Milstein Rarities = LALO: Symphonie espagnole in d minor, Op. 21; MENDELSSOHN: Violin Concerto in e minor: Andante & Allegro non troppo; Allegro molto vivace; DVORAK: Violin Concerto in a minor, Op. 53 – Nathan Milstein, violin/ Philadelphia Orchestra, Eugene Ormandy (Lalo)/ Philharmonic-Symphony of New York/ Arturo Toscanini (Mendelssohn)/ Leopold Stokowski (Dvorak) – Pristine Audio PASC 503, 66:15 [www.pristineclassical.com] *****:
The aristocrat of violinists, Milstein, has three rare performances restored to us by Mark Obert-Thorn.
A few moments after my receipt of Mark Obert-Thorn’s latest restoration, “Milstein Rarities,” I played the collaboration of 26 October 1947 of the Dvorak Violin Concerto with Stokowski and the New York Philharmonic. Not only does this document preserve a new addition to the legacy of Leopold Stokowski, it illuminates Milstein’s approach to a work he did not begin to record over the course of his career—thrice—until 4 March 1951 in Minneapolis with Antal Dorati. Milstein (1904-1992), like Jascha Heifetz, had been a pupil of Leopold Auer; but unlike Heifetz, Milstein did not nurture a ‘sang froid’ demeanor in his art to complement the technical proficiency he displayed. I had the good fortune to interview Milstein briefly after a performance of the Beethoven Concerto in Atlanta, at which he played the Preludio from the Bach E Major Partita as an encore. When I inquired why Milstein had never taken up the Sibelius Concerto, he retorted disdainfully, “You call that a ‘concerto’?”
The first of the rarities offered, the Lalo Symphonie espagnole (19 November 1944 & 15 March 1945) in the four-movement version, has Eugene Ormandy’s leading the Philadelphia Orchestra on Columbia Records (M 564, previously unissued). From the outset, the collaboration sets a fervid tempo and elastic, biting, potent drive. Milstein’s attacks have a swift, vibrant sonority, with deep, breathed phraseology, supported by flamboyant woodwind and brass openwork. The Scherzando moves with mercurial, ardent and Iberian flavor, enjoying various inflections from Milstein that make us wish he had documented a complete set of Sarasate Spanish Dances. The least ‘Spanish’ of the movements, the Andante, projects a solemn yet lyrical dirge or meditative lament whose D Major transition procures from Milstein some of the most burnished sound I’ve heard in this music. Listen to his glissando and trills as he moves to the restatement of the funereal theme over muted tympanic beats. The last page is sheer ethereal magic. The Rondo sets a gigue rhythm in ostinato and crescendo that initiates a suave dance ornamented by a shifting array of orchestral colors. This performance—in spite of the omission of the brilliant Intermezzo movement—reminds us that one of the work’s most outspoken admirers was Peter Tchaikovsky.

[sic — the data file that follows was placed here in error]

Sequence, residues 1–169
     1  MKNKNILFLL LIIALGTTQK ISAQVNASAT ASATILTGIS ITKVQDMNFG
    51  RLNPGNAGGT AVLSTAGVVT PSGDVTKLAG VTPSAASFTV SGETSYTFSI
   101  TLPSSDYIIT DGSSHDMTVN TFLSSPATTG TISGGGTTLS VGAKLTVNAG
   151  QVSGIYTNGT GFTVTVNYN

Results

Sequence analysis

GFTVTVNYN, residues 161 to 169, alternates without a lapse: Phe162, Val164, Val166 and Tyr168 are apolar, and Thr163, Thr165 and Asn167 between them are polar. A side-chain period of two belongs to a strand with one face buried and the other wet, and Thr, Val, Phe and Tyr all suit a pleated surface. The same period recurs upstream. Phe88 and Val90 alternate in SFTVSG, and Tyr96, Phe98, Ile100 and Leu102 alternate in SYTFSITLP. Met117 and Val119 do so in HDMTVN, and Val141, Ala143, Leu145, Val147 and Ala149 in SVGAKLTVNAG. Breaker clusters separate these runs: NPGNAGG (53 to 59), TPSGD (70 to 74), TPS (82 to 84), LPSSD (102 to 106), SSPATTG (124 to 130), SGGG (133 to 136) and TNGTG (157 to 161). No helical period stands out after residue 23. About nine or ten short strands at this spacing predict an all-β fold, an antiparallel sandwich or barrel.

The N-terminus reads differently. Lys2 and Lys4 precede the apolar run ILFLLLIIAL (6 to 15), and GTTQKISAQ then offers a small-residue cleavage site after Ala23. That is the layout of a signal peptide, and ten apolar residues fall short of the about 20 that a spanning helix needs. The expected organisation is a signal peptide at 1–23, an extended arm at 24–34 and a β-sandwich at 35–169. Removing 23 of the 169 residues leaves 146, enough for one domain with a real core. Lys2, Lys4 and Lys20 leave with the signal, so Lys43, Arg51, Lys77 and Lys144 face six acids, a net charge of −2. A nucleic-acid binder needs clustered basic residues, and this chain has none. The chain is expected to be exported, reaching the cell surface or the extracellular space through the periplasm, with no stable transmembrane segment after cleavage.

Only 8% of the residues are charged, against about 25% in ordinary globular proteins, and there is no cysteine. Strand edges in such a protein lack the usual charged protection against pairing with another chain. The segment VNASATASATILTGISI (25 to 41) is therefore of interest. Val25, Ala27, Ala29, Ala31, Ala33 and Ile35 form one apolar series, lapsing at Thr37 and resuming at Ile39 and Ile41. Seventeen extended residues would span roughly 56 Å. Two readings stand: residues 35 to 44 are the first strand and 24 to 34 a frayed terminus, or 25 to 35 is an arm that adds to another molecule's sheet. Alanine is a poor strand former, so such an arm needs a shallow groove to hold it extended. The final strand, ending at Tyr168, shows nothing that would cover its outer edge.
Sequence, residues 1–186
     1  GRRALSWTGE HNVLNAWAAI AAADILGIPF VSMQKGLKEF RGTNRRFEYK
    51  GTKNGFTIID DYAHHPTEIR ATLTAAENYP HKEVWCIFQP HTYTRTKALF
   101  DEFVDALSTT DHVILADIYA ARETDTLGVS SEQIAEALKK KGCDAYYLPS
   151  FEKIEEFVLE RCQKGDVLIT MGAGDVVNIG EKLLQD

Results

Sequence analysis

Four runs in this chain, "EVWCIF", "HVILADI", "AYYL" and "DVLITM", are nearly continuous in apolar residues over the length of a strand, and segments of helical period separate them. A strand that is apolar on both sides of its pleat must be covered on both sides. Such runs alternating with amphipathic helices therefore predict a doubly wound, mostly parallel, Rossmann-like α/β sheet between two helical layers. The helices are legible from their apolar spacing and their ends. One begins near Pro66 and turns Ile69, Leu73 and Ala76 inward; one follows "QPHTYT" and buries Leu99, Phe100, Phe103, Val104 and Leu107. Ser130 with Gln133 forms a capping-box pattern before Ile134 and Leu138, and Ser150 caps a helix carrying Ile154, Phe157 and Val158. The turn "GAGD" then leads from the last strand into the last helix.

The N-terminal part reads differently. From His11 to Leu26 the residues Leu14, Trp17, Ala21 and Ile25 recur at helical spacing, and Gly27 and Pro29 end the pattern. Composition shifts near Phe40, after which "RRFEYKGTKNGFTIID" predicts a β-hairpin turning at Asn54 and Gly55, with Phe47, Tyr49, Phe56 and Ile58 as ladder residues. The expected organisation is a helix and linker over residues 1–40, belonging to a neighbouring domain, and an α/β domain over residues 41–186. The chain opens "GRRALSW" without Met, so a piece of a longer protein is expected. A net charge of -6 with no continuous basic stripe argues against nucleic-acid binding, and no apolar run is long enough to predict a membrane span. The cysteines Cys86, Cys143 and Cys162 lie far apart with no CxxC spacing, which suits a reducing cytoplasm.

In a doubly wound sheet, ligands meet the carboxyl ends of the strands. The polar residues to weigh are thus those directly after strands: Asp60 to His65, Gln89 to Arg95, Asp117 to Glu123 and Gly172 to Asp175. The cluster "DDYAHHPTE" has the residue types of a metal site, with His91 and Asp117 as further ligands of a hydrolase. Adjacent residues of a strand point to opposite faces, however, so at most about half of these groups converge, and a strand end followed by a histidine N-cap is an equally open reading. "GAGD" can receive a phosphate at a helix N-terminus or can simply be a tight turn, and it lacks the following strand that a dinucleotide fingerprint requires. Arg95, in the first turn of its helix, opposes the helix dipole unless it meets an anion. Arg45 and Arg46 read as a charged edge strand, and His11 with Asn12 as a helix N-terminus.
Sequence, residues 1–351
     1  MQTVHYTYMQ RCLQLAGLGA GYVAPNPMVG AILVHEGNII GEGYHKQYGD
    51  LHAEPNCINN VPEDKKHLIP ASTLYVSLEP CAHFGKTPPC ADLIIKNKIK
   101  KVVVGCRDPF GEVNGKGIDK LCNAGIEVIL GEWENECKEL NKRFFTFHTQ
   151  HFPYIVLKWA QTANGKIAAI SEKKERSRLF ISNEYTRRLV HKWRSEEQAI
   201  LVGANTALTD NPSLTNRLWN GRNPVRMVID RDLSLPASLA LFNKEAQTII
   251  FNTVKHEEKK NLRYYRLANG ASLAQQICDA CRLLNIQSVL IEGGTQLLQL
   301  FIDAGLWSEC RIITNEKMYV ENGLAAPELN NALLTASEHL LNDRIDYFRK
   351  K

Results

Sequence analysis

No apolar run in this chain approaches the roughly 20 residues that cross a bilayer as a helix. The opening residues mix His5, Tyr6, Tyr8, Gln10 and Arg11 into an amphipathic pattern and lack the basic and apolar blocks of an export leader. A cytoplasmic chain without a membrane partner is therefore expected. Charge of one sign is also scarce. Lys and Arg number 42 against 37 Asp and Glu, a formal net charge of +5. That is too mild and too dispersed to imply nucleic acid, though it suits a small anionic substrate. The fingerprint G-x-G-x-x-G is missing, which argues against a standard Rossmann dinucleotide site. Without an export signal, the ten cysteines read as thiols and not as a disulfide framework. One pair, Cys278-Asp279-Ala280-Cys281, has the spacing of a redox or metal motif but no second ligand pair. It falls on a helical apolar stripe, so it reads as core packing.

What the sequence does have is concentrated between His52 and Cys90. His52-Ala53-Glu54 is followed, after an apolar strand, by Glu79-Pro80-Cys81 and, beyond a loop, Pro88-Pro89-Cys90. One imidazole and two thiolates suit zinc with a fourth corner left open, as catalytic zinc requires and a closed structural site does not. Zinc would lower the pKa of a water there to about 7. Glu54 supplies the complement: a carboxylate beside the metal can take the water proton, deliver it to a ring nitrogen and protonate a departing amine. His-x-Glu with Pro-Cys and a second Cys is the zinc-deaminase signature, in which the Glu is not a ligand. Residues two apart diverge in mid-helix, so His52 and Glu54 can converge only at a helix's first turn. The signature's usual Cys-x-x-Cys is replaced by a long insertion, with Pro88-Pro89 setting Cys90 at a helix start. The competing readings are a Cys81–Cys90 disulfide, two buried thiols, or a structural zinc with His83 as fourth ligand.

In the Mendelssohn Concerto excerpt (29 March 1936 from Carnegie Hall), we have the only surviving evidence of Milstein’s having worked with Toscanini. Milstein once bragged that after this performance, he had been able to beat Heifetz handily at ping-pong! The fragment opens with Milstein’s ingratiating flute tone in the cantabile statement of the Andante, with sustained horn tones and equally ardent cantare from Toscanini. The passionate articulation of the playing stands in powerful contrast to the contemporary treatment of this music in Germany. The last movement, which receives a manic pace from Toscanini, seems typical of The Maestro’s urgent conception, to which Milstein adapts with Dionysiac aplomb. Despite a few sound drop-outs, the movement shimmers with an unbroken, fever of commitment, often as light as it is frenzied. The sound quality has gained much from the helpful ministrations of Andrew Rose.
It was in 1929 that Milstein made his American debut in Philadelphia, with Leopold Stokowski. Their exploration of the Dvorak Concerto—which Milstein had played in Germany with Furtwaengler – proves unique, in the sense that each of Milstein’s successive, commercial readings – with Dorati, Steinberg, and de Burgos—reveals a different aspect of the score, whether it be in tempo, phrasing, the intonation on double-stops, or the long, flexible melodic line. When Milstein has control of a work, it evolves in one ready materialization, “the Platonic conception of itself,” to paraphrase Gatsby. The final comment on this collaboration comes directly from Stokowski, whose “Bravo!” has been enshrined forever and speaks for us all.
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